ORCHOMENUS (local form on coins and inscriptions, Erchomcnos), the name borne by two cities of ancient Greece.
I. A Boeotian city, situated in an angle between the Cephissus and its tributary the Melas, on a long narrow hill which projects south from Mount Acontium. Its position is exceedingly strong, being defended on every side by precipice or marsh or river, and it was admirably situated to be the stronghold of an early kingdom. The acropolis is at the north end of the hill, on a peak which is overhung by Acontium, but at a distance sufficient to be safe from an enemy with the weapons of early warfare posted on the mountain. At the foot of the acropolis are the springs of the Melas.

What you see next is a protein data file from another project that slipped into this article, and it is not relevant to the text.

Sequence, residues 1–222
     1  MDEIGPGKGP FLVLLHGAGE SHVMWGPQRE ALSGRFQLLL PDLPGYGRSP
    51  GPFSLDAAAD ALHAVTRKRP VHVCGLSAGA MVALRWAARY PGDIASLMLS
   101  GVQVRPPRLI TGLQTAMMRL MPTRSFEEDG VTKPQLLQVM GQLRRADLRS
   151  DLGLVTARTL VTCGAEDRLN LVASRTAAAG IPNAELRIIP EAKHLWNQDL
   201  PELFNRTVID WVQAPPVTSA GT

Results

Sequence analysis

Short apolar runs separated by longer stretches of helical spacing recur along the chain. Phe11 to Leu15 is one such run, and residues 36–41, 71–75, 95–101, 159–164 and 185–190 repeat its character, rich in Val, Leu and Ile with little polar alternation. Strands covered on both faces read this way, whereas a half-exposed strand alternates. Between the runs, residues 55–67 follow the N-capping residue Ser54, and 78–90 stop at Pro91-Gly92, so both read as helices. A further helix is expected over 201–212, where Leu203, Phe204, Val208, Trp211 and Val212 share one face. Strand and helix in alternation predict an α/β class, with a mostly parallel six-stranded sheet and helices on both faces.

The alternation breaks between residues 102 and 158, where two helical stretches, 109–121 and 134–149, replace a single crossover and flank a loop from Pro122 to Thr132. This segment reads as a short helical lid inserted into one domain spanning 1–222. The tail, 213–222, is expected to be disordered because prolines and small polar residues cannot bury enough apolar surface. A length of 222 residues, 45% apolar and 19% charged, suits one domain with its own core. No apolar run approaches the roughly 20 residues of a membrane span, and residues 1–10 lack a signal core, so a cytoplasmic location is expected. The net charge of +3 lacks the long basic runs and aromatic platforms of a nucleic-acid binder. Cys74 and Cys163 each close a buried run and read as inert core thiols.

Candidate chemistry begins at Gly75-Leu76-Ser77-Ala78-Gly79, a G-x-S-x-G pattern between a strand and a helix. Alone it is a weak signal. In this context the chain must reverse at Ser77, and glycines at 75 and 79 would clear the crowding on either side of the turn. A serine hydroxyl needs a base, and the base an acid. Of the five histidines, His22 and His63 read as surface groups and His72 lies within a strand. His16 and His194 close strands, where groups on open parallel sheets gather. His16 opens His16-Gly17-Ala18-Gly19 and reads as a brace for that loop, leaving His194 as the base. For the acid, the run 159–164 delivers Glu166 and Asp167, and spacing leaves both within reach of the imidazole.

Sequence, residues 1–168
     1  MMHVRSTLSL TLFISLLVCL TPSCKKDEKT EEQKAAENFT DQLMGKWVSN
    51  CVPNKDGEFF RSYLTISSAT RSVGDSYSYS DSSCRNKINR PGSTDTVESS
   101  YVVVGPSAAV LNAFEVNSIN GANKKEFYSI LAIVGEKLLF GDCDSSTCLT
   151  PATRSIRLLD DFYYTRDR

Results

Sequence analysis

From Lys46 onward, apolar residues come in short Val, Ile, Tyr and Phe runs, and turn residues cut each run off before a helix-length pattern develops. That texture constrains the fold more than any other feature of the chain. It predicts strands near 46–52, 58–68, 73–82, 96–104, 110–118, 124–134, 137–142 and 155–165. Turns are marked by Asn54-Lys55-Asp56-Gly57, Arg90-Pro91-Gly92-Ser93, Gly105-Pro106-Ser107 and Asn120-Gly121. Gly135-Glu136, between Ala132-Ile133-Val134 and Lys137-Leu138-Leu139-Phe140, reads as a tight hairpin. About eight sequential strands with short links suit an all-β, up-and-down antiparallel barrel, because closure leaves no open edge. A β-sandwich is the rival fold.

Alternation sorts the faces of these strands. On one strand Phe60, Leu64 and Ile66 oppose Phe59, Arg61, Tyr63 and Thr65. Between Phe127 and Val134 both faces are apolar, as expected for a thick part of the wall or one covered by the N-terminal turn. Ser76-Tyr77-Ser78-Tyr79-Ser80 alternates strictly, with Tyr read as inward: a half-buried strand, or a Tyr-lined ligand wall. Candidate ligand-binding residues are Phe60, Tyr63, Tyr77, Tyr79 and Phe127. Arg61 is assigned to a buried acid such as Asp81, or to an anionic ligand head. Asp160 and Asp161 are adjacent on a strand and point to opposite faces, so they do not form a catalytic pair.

In prehistoric times Orchomenus, as is proved alike by archaeological finds and by an extensive cycle of legends, was one of the most prosperous towns of Greece. It was at once a continental and a maritime power. On the mainland it controlled the greater part of Boeotia and drew its riches from the fertile lowlands of Lake Copais, upon the drainage of which the early kings of Orchomenus bestowed great care. Its maritime connexions have not been as yet determined, but it is clear that its original inhabitants, the Minyae, were a seafaring nation, and in historical times Orchomenus remained a member of the Calaurian League of naval states. At the end of the second millennium the Minyae were more or less supplanted by the incoming stock of Boeotians. Henceforth Orchomenus no longer figures as a great commercial state, and its political supremacy in Boeotia passed now, if not previously, to the people of Thebes. Nevertheless, owing perhaps to its strong military position, it long continued to exercise some sort of overlordship over other towns of northern Boeotia, and maintained an independent attitude within the Boeotian League. In 447 it served as the headquarters of the oligarchic exiles who freed Boeotia from Athenian control. In the 4th century Orchomenus was actuated throughout by an anti-Theban policy, which may have been nothing more than a recrudescence of old-time rivalry, but seems chiefly inspired by aversion to the newly established democracy at Thebes. In the Corinthian War the city supported Lysander and Agesilaus in their attacks upon Thebes, and when war was renewed between the Thebans and Spartans in 379 Orchomenus again sided with the latter. After the battle of Leuctra it was left at the mercy of the Thebans, who first, on Epaminondas's advice, readmitted it into the Boeotian League, but in 368 destroyed the town and exterminated or enslaved its people. By 353 Orchomenus had been rebuilt, probably by the Phocians, who used it as a bulwark against Thebes. After the subjection of the Phocians in 346 it was again razed by the Thebans, but was restored by Philip of Macedon as a check upon the latter (338). Orchomenus springs into prominence once again in 85 B.C., when it provided the battle-field on which the Roman general Sulla destroyed an army of Mithradates VI. of Pontus. Apart from this event its later history is obscure, and its decadence is further attested by the neglectful drainage of the plain and the consequent encroachments of Lake Copais. Since medieval times the site has been occupied by a village named Skripou. Since 1867 drainage operations have been resumed, and the land thus reclaimed has been divided into small holdings. The most remarkable relic of the early power of Orchomenus is the so-called "treasury" (of " Minyas ") which resembles the buildings of similar style at Mycenae (see Mycenae), and is almost exactly the same size as the treasury of Atreus. The admiration which Pausanias expresses for it is justified by the beautiful ornamentation, especially of the roof, which has been brought to light by Schliemann's excavations in the inner chamber opening out of the circular vaulted tomb. The monument, undoubtedly the tomb of some ancient ruler, or of a dynasty, lies outside the city walls. Other remains of early date have been found upon this site.